It's just a taste of what's to come, of course. After a little more ridgeline, you'll rip off the backside of Hurricane Mountain on a rooty, ledgy downhill that should heat up your brakes nicely. Watch for a right-hand turn off a short section of old roadbed, then get ready to push your bike: you're at The Wall. Very few riders can clean this one, and it's a hike-a-bike for most; the reasons why should be obvious once you're there.
At the top, you'll have 3.5 miles of singletrack to go -- followed by a mile of gravel downhill and a mile of pavement downhill if you're riding the race course. This 3.5 miles is the section you've heard about, though. The fun doesn't really start until the large fire ring about midway through, when off-camber slabs and awkward-looking rock gardens start to bloom from the trail surface. It's not actually that bad, in the grand scheme of mountain bike trails, but it's so above-and-beyond nearly anything else in the Atlanta or Chattanooga areas that its notoriety is well-placed. There's no shortage of rock up here; in places, civil war breastworks are visible alongside the trail.
Work your way through the technical sections until you pop out onto a gravel fire road next to some cell towers. That's it! Cruise back down the gravel to the trailhead; if you're racing, you'll hit one more 100-yard section of trail before turning right onto the pavement and cruising back down to the Dalton Convention Center.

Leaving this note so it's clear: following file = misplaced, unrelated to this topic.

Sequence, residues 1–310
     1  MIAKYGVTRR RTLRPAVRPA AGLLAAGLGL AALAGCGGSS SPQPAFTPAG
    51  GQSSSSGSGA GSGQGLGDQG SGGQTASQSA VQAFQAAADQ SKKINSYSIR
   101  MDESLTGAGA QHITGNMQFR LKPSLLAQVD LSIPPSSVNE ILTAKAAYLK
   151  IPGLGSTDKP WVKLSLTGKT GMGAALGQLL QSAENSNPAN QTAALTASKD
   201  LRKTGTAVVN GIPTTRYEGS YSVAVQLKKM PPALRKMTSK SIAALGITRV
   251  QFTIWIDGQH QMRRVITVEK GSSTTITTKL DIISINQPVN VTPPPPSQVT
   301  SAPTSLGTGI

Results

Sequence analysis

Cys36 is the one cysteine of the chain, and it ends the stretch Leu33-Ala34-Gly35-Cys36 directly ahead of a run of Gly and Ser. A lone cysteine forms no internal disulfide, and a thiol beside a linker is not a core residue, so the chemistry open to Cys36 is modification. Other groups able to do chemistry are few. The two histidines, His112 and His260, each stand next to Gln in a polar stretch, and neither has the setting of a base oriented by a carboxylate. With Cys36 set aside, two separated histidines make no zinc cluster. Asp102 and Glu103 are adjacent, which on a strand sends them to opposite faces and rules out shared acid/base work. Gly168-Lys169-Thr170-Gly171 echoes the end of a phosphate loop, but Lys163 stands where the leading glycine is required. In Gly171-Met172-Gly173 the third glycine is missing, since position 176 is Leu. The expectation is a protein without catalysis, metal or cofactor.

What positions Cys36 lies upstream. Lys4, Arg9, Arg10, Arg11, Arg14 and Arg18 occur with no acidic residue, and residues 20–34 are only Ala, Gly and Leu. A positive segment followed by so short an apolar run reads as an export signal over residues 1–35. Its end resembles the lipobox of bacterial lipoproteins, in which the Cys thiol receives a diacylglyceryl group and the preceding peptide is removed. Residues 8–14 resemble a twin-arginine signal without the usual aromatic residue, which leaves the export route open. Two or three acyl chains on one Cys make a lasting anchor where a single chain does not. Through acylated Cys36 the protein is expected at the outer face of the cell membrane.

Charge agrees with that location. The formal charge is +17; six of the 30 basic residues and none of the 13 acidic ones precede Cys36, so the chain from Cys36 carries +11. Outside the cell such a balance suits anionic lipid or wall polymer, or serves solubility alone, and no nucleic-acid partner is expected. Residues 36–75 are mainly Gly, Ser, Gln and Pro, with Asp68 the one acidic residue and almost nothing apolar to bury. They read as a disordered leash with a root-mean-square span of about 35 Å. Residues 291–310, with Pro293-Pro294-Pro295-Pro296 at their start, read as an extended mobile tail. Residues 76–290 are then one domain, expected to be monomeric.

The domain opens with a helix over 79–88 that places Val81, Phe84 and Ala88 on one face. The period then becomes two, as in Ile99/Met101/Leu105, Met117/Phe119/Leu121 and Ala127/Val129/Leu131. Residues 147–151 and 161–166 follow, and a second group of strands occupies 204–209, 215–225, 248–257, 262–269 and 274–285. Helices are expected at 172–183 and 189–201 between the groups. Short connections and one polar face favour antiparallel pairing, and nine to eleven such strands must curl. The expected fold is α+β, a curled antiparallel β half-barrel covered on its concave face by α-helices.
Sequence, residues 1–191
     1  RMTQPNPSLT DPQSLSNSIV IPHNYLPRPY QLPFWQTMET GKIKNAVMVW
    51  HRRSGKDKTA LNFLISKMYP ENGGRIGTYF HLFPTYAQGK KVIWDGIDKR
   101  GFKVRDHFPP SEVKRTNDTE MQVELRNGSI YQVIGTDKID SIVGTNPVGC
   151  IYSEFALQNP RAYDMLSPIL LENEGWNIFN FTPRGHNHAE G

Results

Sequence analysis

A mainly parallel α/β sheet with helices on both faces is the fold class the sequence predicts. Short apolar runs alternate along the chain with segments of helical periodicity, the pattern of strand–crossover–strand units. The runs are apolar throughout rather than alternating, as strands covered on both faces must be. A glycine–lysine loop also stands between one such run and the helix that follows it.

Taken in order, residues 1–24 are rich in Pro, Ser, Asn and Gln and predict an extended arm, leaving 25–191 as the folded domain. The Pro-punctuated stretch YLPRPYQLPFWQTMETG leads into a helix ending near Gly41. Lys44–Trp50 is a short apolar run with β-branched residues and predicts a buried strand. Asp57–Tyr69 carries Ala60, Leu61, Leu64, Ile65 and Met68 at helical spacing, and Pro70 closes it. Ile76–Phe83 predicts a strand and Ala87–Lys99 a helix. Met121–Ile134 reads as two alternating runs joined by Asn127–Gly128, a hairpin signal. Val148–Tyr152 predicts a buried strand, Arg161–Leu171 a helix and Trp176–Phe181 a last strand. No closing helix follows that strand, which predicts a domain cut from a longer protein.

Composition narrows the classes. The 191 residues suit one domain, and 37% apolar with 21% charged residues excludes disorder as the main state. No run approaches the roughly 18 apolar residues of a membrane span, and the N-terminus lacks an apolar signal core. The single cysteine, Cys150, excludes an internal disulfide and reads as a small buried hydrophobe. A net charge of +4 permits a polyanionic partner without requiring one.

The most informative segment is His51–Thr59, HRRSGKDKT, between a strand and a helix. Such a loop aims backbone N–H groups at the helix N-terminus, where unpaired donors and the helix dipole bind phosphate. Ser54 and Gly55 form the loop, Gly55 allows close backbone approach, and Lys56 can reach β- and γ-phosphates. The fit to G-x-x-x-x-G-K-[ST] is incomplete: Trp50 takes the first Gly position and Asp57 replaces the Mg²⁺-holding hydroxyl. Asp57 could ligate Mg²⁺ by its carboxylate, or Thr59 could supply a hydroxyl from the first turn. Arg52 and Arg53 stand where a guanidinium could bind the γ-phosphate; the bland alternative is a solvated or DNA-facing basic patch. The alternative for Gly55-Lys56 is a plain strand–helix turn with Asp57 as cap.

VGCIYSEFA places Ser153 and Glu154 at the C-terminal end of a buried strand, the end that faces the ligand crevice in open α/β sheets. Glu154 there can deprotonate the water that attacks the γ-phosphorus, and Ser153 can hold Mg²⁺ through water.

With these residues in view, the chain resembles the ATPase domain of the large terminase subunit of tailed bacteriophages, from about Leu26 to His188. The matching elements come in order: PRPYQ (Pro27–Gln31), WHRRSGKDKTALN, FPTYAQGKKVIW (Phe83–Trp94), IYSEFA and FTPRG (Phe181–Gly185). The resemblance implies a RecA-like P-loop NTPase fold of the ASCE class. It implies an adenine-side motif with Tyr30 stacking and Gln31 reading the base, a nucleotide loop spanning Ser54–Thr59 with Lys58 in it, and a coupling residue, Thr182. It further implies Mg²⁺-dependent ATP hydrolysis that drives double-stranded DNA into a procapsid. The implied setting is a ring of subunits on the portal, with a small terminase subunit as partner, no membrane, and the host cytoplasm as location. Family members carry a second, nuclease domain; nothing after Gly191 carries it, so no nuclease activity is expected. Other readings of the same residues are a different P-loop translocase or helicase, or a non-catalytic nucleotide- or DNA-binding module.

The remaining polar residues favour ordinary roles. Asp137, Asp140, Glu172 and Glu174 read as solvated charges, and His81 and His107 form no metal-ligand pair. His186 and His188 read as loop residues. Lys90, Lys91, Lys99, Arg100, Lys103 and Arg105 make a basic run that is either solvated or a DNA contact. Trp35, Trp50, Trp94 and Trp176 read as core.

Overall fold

Who is Going to Love It
You don't have to be an expert rider to enjoy it, just be ready to clip out and walk the most imposing features. Relax and have fun on the rocks; a clean, no-dabs run from the top of The Wall to the Dug Gap towers is a legitimate badge of honor for those who can manage it. This trail will make you work for your reward, and ending on a gravel downhill can be disappointing -- though most are far more relieved than disappointed when those cell towers finally appear through the trees.
Directions, Parking, & Regulations
This section of the trail is host to both the Georgia Jewel 100 trail run and the Snake Creek Gap TT, along with the Trans North Georgia (TNGA) challenge. Because of this attention, NWGA SORBA and race organizers work very hard to maintain the trail and it shows. Leave no trace, and consider carrying a hand saw to help pitch in!
The parking lot at Snake Creek Gap is a large, gravel lot with pit toilets. No fee is required. Many riders shuttle to the start and ride this loop in the south-to-north race direction, returning to collect a vehicle afterward. However, since this orients the ridgeline trails slightly uphill, local riders typically prefer riding the reverse, as a slight downhill grade does wonders for bringing some flow to the toothiest of the rock gardens.
The Dug Gap trailhead to the north has limited parking, no amenities, and starts with a brutal gravel climb that will have most riders dismounting on their way up to the towers. That said, an out-and-back from here to the Stovers doubletrack is the chunkiest (and most mud-free) ride around, as well as one of the only legal places to ride after dark near Chattanooga in the cold, dark winter months. Highly recommended!